Success Calling in Kilo 26 Camp


Mubarek using his start-up kit to repair mobile phones in Kilo 26 (Photo: UNHCR/L. Pattison)

Mubarek, 23, repairs mobile phones in Kilo 26 refugee camp in Kassala, Eastern Sudan. In 2012, he was selected to take part in a mobile phone repair course under the Transitional Solutions Initiative (TSI) framework. Since then, Mubarek has put his valuable new skills to use to better his family’s life.

Fleeing civil war in Eritrea during the 80s, Mubarek’s parents found refuge in Eastern Sudan and settled in Kilo 26 camp, where Mubarak, their second son, was born. Approximately 74,000 protracted refugees live in camps in the East, 58% of whom were born in Sudan. When Mubarek and his brother reached adulthood, his family’s food assistance from WFP ended, as they were no longer eligible for support with Mubarek and his brother now being of working age.

Mubarek struggled to make a living, working in farms surrounding Kilo 26 camp and a bakery. “Working in the bakery wasn’t stable. I never knew if they wanted me for one, two or four days a week, and sometimes they didn’t need me at all. It was so difficult to support my elderly parents and three siblings without stability.” He even tried his hand at running his own shop selling sugar and soap, but despite his determination and efforts, his shop went bankrupt in the face of stiff competition.

Highlights

  • Approximately 74,000 protracted refugees live in camps in the East, 58% of whom were born in Sudan.
  • he TSI, implemented by UNDP and UNHCR, seeks to improve the self-sufficiency of host communities, refugees and IDPs living in a protracted situation through vocational training and business development support.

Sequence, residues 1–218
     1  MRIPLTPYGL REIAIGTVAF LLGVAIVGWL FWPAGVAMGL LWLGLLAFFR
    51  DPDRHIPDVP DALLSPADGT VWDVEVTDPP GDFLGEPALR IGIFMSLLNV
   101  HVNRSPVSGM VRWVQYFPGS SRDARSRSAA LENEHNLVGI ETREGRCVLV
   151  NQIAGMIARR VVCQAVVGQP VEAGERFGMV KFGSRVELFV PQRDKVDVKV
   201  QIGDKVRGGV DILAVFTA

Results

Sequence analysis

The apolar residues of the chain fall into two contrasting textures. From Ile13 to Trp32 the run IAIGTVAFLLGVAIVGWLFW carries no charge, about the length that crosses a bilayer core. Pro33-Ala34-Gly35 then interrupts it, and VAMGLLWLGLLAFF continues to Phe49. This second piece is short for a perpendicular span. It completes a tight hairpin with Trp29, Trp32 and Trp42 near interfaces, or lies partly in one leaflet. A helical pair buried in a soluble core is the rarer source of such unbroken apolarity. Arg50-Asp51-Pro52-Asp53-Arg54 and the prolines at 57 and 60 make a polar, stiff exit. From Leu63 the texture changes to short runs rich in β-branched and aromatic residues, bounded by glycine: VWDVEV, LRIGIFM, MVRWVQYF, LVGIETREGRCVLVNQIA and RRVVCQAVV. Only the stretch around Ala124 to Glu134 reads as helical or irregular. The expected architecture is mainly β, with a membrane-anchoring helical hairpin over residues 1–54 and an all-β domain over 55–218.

• 65% of trainees have secured employment relating to their training after graduation.

Mubarek’s life changed when he was given the chance to study mobile phone repair with the Sudanese Red Crescent as part of the TSI’s livelihoods intervention.

“I used to do simple repairs, but the course provided me with the technical know-how to do more complicated things. It really helped me, and I thank God I had the opportunity to take part.”

The TSI, implemented by UNDP and UNHCR, seeks to improve the self-sufficiency of host communities, refugees and IDPs living in a protracted situation through vocational training and business development support. 65% of trainees have secured employment relating to their training after graduation.

On graduating, Mubarek was provided with a start- up kit to put his acquired skills into practice, and he entered into business with his older brother. Together, they rent a small shop in Kilo 26 camp where Mubarek repairs phones and his brother sells staple items. “The kit allowed me to start my own business. At the bakery, I earned around 15 SDG (US$ 2.30) a day, but now I make about 40 to 50 SDG (US$ 7-8). The course increased my income, gave me independence and improved my job security.”